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Weapons seized from a gang in Mauritius Weapons seized from a gang in Mauritius  (AFP or licensors)

Tomasi: treaty an important first step towards a world free of nuclear arms

In an interview with the World Council of Churches the former Permanent Observer to the UN and Other International Organizations in Geneva and to the World Trade Organization reflects on how Churches can get involved in the goal of freeing the world of nuclear weapons.

By Lisa Zengarini

“The Treaty on the Prohibition of Nuclear Weapons heralds in a new era in international law and increasingly in public opinion” Cardinal Silvano M. Tomasi, has said.

In an exclusive interview with the World Council of Churches (WCC) the former Permanent Observer to the UN and Other International Organizations in Geneva and to the World Trade Organization reflects on the positive impact of the Treaty (TPNW) and how Churches can get involved in the goal of freeing the world of nuclear weapons.

The TPNW was adopted by the United Nations on 7 July 2017 and entered into force on 22 January 2021. For those nations who signed it, the Treaty prohibits the development, testing, production, stockpiling, stationing, transfer, use and threat of use of nuclear weapons, as well as assistance and encouragement to the prohibited activities. For nuclear armed states joining the treaty, it provides for a time-bound framework for negotiations leading to the verified and irreversible elimination of its nuclear weapons program.

Acknowledging that “moral declarations alone will lead to disarmament”, in the interview Cardinal Tomasi, notes that the newly enacted norms “can support and even drive complex negotiations, hopefully toward achieving the goal of a world free from nuclear weapons”, stressing the need for non-nuclear weapons states to make their voices heard on this issue. 

He also emphasizes the role of civil society actors and of Churches and religious communities: “In this area, religions and all denominations can converge and amplify together the same moral message for believers and non-believers alike”, he says, adding that “local initiatives are very important for moving towards total disarmament” and that “local actors can make their voices heard at higher levels, by contacting their representatives and networking online”.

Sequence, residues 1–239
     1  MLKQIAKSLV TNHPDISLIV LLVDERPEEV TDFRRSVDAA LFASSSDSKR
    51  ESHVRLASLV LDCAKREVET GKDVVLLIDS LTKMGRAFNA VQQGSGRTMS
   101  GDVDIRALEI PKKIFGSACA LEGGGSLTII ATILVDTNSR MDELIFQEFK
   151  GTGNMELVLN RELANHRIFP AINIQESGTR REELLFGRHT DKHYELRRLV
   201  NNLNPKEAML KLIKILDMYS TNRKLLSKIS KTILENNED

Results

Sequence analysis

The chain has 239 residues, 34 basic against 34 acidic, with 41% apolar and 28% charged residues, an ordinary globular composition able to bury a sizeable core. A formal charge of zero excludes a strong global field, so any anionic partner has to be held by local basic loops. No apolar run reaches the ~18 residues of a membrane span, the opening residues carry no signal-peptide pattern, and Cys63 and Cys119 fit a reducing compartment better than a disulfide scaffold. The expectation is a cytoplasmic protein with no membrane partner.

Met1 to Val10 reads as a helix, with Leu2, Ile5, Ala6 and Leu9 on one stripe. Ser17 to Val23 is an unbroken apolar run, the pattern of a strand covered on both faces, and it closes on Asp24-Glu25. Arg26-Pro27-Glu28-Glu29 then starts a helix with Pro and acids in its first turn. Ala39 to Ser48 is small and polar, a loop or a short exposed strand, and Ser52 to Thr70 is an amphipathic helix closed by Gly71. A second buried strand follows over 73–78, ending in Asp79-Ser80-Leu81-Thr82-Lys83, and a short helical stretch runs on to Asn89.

Reminding that “the mere existence of nuclear weapons is a constant risk” and that “the pandemic has brought to light and intensified the extreme inequalities present in our societies”, the former Nuncio reaffirms that the establishment of a World Fund to address human development with the money previously invested in the military and weapons  “is primary” in relation to the socio-economic issues we face today: “Pope Francis has recognized that the pandemic brings to light our true priorities and needs as a human family, and has encouraged deep reflection and active changes towards a world more committed to building just systems at the service of the people. It is not only a worthy goal, but a moral good”, he stresses. “Increased investments in arms arise from a feeling of insecurity, but a society can never be secure if the essential needs of its people are not met”, he explains.

According to cardinal Tomasi, the present pandemic could act as a “catalyst” toward this ambitious goal:  “In economically difficult times for all states – including the great powers – being able to release funds to revive the economy is essential. Decreasing the funds allocated to the arms race and dedicating them to economic recovery is actually a strategic choice for those states that wish to maintain their preeminence within the international system. Their influence and power will soon be judged based on their ability to recover from the crisis”, he concludes.

21 February 2021, 15:30